In addition, the estimated value of total study budget for clinical trials received by Korea's clinical trial centers (Regional Clinical Trials Center and etc.) has increased more than 15 percent a year. The Contract Research Organization (CRO) market has also shown a rapid average growth rate of over 20 percent a year. The vibrant growth of the clinical trial market is expanding the market, not to mention enhancing the competitiveness of, relevant industries while bringing in qualified human resources.

According to Thomson Reuters, Korea is likely to drive the "next wave" of growth in the global clinical trial market. Many academic papers repeatedly quote Korea's success stories, encouraging others to follow the country's footsteps.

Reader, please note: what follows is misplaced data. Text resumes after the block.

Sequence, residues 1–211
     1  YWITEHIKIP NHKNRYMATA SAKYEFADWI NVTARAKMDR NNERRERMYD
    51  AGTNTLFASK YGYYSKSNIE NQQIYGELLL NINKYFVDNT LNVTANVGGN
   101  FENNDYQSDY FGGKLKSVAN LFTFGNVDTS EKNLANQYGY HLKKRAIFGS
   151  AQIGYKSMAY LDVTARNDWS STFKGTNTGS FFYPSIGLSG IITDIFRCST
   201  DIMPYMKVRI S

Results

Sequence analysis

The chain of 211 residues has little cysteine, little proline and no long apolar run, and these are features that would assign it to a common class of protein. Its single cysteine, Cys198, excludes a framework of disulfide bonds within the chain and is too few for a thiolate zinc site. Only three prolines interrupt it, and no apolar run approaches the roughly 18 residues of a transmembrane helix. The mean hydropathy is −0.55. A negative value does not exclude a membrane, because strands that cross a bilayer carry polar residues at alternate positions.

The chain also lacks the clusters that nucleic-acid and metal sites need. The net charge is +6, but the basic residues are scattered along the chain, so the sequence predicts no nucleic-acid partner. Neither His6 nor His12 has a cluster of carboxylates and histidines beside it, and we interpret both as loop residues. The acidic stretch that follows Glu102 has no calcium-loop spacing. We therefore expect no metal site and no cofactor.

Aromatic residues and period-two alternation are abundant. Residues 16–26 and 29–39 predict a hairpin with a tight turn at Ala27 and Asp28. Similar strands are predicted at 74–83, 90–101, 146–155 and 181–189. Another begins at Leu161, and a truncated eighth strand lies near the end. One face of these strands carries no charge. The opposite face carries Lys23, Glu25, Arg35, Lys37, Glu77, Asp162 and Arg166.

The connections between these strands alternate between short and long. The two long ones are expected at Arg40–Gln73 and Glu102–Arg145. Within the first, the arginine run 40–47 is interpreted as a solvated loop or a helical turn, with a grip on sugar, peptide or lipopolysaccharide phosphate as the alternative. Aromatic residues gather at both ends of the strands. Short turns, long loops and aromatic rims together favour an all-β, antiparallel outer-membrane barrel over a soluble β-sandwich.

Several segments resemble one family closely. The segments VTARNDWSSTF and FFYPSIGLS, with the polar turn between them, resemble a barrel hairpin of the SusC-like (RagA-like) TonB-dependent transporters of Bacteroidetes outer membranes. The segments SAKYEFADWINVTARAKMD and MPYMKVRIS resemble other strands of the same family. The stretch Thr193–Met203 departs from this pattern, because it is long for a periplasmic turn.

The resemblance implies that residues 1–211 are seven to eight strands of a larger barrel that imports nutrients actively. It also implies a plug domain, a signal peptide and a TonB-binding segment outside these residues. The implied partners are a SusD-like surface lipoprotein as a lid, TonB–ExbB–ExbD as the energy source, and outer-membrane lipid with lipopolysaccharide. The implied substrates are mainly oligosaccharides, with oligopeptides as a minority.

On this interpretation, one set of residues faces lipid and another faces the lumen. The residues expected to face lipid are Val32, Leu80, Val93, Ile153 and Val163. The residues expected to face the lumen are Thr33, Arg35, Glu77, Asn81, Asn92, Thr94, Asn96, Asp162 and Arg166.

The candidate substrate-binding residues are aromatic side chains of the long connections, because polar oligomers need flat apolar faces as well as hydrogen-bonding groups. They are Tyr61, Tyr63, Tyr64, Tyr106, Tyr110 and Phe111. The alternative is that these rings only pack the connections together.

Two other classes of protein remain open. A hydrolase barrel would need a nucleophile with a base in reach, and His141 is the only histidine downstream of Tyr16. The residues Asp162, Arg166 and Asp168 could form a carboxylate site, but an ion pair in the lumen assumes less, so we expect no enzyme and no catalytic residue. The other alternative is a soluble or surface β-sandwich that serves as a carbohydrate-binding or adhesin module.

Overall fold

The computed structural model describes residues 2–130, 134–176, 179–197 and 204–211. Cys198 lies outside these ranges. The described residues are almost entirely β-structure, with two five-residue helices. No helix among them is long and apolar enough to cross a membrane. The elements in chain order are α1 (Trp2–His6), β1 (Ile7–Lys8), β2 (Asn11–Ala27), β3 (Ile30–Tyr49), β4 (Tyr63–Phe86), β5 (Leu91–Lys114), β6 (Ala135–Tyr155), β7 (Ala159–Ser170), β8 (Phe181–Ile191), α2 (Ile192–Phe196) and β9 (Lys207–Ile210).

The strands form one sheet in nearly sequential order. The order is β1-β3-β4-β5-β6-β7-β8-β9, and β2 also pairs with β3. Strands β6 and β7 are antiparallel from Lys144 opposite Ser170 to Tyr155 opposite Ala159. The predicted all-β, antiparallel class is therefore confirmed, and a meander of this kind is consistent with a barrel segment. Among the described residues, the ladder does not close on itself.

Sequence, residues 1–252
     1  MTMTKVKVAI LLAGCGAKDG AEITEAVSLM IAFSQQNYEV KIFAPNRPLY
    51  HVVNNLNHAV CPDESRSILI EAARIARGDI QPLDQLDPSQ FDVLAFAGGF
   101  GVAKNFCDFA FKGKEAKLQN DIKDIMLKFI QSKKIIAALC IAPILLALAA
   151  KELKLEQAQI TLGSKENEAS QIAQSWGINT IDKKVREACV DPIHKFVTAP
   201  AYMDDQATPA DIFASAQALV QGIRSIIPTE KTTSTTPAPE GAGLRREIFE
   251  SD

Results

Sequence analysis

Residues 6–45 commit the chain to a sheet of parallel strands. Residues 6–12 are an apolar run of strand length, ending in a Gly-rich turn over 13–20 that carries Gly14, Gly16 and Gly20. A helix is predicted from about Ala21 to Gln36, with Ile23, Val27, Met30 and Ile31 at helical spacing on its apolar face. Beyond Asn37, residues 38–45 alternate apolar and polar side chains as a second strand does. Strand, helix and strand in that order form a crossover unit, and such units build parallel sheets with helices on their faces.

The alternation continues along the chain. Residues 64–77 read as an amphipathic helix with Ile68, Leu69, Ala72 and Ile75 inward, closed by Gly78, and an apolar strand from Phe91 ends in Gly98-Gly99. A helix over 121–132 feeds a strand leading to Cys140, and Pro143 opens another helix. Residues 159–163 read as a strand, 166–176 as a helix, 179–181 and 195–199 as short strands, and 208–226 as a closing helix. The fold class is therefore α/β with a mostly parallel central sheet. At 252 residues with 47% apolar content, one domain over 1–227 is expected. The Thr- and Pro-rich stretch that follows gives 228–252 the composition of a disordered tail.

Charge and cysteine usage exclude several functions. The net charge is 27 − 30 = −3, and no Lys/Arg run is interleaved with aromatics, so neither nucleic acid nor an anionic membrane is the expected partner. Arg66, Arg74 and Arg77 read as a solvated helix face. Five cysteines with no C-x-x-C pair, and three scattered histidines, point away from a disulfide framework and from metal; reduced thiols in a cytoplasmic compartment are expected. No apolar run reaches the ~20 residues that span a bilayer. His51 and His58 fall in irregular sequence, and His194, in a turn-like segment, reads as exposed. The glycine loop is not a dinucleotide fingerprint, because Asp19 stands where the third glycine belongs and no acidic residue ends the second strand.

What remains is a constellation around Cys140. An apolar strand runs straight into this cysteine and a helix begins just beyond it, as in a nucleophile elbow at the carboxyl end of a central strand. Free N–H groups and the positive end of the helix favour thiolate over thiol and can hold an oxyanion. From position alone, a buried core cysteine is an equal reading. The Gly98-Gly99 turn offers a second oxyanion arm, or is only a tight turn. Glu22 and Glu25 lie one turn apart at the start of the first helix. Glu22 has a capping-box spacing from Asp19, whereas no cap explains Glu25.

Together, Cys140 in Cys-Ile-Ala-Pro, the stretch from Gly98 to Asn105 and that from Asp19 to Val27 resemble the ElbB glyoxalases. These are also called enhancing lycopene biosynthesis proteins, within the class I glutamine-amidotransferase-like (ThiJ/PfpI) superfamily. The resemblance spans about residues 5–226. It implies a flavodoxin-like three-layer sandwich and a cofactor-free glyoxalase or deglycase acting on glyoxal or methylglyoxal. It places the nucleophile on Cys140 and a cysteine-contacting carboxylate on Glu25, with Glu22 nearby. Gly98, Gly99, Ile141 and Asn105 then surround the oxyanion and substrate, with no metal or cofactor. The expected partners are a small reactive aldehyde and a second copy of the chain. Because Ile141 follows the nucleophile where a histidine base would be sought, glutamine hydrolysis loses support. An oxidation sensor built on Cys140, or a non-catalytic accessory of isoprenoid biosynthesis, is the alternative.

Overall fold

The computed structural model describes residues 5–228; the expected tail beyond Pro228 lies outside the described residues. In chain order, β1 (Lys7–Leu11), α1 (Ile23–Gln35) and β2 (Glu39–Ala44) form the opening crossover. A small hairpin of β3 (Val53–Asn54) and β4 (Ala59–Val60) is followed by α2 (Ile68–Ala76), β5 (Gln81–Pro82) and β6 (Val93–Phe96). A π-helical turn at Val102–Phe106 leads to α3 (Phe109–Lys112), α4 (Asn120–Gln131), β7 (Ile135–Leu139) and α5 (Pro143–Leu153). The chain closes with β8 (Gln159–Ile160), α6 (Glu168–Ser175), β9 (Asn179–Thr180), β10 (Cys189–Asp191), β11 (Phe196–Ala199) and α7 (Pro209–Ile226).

KoNECT program boosting clinical trials 

Behind such phenomenal growth was the steadfast support from the government as well as strong collaboration among the government, industry, and academia working tirelessly for the development of the nation's clinical trial industry.

First of all, the government initiated three kinds of programs to support clinical trial infrastructure: the Regional Clinical Trials Center (RCTC), Global Center of Excellence in Clinical Trials (GCE), and the Korea National Enterprise for Clinical Trials (KoNECT). After establishing the Institutional Review Board (IRB) in 2002, Korea first built its RCTCs in 2004 and GCE in 2012. A total of 15 RCTCs and five GCEs were established afterwards. In 2008, KoNECT initiated a training program for clinical trial human resources (1st class: 2008-2013, 2nd class: 2014 to date) to support clinical trial infrastructure in a more systemic and reliable manner.